Chapter 3: Can You Stay in the Present Moment?
This chapter will help teens choose to fully observe the events and feelings that are happening in their internal and external experiences right now. It will help participants let go of the need to continually focus on the past or the future and bring their full awareness to each moment in time.

Chapter 4: Do You Accept Others By Using Wise Judgment?
This chapter will stress that in a state of true mindfulness, teens will choose to refrain from making any judgments about their daily hassle experiences, no matter how painful they may be. Mindfulness is not about solving problems and searching for solutions. Rather, it is more about observing your present-moment experiences with curiosity, openness, acceptance, and love. Teens will then be instructed to practice describing their internal and external experiences with non-judgmental language.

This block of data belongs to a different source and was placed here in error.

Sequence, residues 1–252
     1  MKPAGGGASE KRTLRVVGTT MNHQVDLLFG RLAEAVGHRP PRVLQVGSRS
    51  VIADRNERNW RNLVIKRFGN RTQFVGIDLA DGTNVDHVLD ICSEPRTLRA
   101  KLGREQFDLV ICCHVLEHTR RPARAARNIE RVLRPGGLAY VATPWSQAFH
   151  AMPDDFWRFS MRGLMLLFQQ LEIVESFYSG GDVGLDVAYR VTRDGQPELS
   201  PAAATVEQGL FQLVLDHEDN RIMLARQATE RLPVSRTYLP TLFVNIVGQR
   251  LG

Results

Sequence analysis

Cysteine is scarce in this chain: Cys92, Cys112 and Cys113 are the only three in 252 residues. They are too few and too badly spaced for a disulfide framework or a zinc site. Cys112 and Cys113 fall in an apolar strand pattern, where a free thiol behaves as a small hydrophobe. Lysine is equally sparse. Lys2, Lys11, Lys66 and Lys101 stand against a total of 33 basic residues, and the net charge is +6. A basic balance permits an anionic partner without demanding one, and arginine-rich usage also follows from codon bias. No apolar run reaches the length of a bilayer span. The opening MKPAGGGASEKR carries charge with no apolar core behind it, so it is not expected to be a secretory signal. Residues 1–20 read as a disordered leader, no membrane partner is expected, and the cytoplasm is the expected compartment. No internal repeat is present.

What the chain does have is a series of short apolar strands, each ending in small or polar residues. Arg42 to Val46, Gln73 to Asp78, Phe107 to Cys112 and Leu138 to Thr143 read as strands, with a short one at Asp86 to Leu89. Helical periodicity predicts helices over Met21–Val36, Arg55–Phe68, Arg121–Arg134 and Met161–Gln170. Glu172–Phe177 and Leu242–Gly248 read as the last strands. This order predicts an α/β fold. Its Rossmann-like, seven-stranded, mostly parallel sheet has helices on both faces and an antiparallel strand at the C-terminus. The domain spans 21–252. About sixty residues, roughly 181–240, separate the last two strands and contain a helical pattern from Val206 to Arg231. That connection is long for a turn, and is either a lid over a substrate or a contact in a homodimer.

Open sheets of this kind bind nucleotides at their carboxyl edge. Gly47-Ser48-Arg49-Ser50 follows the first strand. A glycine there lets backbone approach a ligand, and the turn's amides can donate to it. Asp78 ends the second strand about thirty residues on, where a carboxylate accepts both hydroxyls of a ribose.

Chapter 5: Do You Have a Backpack of Mindfulness Techniques?
This chapter will provide a variety of common mindfulness practices as well as unique practices that can be used in any situation or at any time to overcome worry, anxiety, and stress.

Teen Mindfulness Skills Card Deck

Use the open-ended, discussion starter questions to jump start a group or individual session. Each question corresponds to a page in the workbook.

Sample Questions:

Mindfulness is a state in which you are aware in the present moment of what is occurring in your life. When are you usually mindful?

Describe a situation when your mind wanders. Ask others in the room.

Is it best to work on many things at one time (multi-task) or work on one thing at a time (uni-task)? Defend your opinion. Ask others for differing opinions.

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Click here to read previous issues.
Leutenberg, Ester
Liptak, John J
other lists
Infant, Child & Adolescent
Mindfulness & Psychotherapy
Whole Person Associates